Kyivpost today recommends in its editorial:
Investing in Ukraine's gas pipeline is the best and cheapest option for Europe to secure Russian gas supplies
The January natural gas war between Ukraine and Russia was a badly needed wake-up call for European Union bureaucrats who have dragged their feet on energy diversification and who have long been wimpy with Russia.
The cutoff of natural gas supplies revealed how deeply dependent both Ukraine and Europe have become on a nation whose leaders are keen to use energy as a geopolitical tool of influence and blackmail. One of Russia's aims was to smear Ukraine, undermining its reputation in Europe as a functioning democracy and as a reliable transit route for Russian gas to Europe.
The Russians also hoped to build support for costly alternative pipeline projects bypassing Ukraine. But that's a tough sell.
Kremlin leaders are finding it hard to finance the $20 billion Nord Stream project across the Baltic Sea, and for good reason. It's a very expensive way to pump 30-55 billion cubic meters of gas.
Another Kremlin favorite is the $20 billion South Stream, which would go through the Black Sea into Bulgaria, also an expensive way to move 30 billion cubic meters of gas.
A third option to bypass Ukraine, touted mainly in the West, is the $13 billion Nabucco gas pipeline. But that's a stiff price tag to move 30 billion cubic meters.
But the better and cheaper option would be to invest up to $3 billion or so in strengthening Ukraine's pipeline system, which already pumps a whopping 120 billion cubic meters of gas each year. The nation's network could pump more, and do so more efficiently, with needed upgrades.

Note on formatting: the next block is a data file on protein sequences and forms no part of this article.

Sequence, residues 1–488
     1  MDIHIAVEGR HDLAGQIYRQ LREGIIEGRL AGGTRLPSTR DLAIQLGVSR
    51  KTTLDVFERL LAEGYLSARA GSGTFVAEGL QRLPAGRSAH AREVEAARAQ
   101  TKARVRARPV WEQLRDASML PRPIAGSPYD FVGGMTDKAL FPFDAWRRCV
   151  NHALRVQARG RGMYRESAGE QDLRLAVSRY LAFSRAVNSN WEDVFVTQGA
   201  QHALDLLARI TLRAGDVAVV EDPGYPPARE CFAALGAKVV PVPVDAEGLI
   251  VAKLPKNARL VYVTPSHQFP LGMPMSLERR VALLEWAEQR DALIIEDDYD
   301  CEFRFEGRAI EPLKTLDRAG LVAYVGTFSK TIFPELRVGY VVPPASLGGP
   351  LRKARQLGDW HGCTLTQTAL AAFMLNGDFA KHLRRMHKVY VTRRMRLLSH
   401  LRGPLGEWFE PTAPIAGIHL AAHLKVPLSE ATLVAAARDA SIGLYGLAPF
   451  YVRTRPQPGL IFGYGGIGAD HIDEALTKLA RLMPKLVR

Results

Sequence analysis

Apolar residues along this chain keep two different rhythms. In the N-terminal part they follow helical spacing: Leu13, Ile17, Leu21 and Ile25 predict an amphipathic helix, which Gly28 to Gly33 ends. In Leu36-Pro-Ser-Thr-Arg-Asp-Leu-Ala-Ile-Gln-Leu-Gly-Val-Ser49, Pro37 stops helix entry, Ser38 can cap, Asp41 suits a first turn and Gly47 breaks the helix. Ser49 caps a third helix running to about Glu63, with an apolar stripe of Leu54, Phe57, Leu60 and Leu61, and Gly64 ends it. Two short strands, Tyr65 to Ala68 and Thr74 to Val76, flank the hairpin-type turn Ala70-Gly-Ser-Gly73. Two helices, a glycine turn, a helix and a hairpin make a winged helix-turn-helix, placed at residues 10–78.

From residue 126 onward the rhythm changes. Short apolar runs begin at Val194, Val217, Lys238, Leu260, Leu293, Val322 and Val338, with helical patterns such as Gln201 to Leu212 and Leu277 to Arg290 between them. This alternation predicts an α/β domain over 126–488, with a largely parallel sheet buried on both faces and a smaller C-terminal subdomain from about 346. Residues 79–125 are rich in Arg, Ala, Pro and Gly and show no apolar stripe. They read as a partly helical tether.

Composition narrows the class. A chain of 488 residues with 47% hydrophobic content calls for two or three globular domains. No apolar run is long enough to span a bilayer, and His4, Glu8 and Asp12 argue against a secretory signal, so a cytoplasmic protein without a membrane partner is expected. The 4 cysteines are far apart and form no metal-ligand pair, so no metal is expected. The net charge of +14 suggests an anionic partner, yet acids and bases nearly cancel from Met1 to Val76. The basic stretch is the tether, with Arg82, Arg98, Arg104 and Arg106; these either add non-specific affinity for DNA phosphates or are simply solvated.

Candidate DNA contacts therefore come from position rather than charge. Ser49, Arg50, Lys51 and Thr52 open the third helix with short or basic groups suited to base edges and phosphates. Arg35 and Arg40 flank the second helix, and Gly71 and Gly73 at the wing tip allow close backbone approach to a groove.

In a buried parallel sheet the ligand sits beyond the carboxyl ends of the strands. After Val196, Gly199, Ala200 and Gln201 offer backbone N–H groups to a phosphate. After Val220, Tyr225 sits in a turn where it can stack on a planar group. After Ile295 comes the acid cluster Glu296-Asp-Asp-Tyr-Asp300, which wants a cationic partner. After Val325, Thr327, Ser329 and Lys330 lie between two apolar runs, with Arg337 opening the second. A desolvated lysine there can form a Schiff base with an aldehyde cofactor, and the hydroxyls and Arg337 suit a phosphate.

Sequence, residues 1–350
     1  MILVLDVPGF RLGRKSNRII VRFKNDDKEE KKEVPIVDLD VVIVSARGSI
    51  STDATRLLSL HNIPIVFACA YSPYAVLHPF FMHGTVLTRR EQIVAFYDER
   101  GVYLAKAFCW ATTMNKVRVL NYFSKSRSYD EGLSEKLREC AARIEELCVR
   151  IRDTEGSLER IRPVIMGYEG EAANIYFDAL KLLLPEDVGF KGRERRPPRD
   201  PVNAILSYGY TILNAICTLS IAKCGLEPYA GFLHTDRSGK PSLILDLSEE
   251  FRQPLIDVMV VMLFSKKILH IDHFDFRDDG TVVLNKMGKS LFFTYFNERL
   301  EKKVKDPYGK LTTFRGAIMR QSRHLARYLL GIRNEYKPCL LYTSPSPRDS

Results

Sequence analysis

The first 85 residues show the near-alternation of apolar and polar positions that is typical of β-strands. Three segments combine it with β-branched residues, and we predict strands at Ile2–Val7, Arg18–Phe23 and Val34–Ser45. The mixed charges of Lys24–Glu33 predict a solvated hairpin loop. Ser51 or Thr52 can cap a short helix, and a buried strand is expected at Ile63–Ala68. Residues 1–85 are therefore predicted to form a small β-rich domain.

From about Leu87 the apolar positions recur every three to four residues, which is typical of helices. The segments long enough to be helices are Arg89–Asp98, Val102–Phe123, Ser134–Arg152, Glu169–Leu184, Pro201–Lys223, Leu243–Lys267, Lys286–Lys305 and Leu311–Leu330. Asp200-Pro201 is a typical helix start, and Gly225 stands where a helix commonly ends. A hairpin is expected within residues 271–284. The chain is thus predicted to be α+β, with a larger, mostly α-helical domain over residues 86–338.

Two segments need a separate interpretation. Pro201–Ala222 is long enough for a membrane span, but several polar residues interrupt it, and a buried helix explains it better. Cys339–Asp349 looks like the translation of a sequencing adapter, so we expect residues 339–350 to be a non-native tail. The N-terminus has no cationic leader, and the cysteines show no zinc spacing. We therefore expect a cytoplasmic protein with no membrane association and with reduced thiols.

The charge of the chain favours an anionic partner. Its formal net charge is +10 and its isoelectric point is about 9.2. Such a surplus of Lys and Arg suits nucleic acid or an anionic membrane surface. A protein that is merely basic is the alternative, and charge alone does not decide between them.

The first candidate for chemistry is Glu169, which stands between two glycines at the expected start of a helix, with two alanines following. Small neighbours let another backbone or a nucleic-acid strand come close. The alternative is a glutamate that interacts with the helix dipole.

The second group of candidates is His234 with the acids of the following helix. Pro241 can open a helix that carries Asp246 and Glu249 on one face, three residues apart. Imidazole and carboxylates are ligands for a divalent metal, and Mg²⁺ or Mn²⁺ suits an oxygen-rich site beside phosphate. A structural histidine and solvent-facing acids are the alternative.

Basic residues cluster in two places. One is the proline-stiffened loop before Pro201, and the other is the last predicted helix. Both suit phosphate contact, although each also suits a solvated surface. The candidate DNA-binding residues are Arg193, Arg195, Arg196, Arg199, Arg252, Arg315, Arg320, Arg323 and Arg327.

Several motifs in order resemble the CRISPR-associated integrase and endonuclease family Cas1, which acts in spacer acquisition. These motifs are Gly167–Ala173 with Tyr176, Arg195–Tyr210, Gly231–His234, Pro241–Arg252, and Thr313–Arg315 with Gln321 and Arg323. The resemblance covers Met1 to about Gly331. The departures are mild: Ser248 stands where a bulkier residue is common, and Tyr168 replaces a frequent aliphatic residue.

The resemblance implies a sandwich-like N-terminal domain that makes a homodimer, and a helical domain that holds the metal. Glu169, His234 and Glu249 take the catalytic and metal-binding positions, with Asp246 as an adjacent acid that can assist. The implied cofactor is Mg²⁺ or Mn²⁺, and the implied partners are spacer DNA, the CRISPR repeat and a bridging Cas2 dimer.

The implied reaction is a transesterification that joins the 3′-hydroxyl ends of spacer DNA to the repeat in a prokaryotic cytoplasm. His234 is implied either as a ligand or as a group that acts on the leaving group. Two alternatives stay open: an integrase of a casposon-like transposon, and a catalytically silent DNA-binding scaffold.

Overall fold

While Russian bad behavior has shown that Europe and everyone else should explore other energy options, Europeans should also back a consortium that would invest into Ukraine's state-owned pipeline. Ukrainian leaders should embrace this option as well. It would bolter the nation's free-market credentials and its economic importance. Europeans would then be deeply involved in the gas issue all the way to the Russian border. Ukraine's gas pipeline might also be a key to opening the door to future membership in the European Union.
In the next five to seven years, Ukraine's vast pipelines will remain dominant, yet vulnerable. Still, the existing network remains the best and cheapest way to pump Russian gas to Europe.
I can't vouch for the numbers, but the argument seems clear. Though it's only a newspaper that is talking, not the government.
But on what terms will this be offered? Will the EU (or the corporation it says it will set up for pipelines) enter into a bidding war with Gazprom for use (and modernisation) of the Ukrainian network, or will it be outright privatisation? If so, given the current legislation in Ukraine preventing the gas transmission system's privatisation or use through concessions (or other ways) we can predict some tough battles ahead, on the usual lines in the government.
And a bidding war under the current financial crisis will be interesting. Does anyone have any money to bid? And can Russia afford to lose?
Still Ukraine stands to gain if it can get the network modernised free and still retain ownership. We live in interesting times.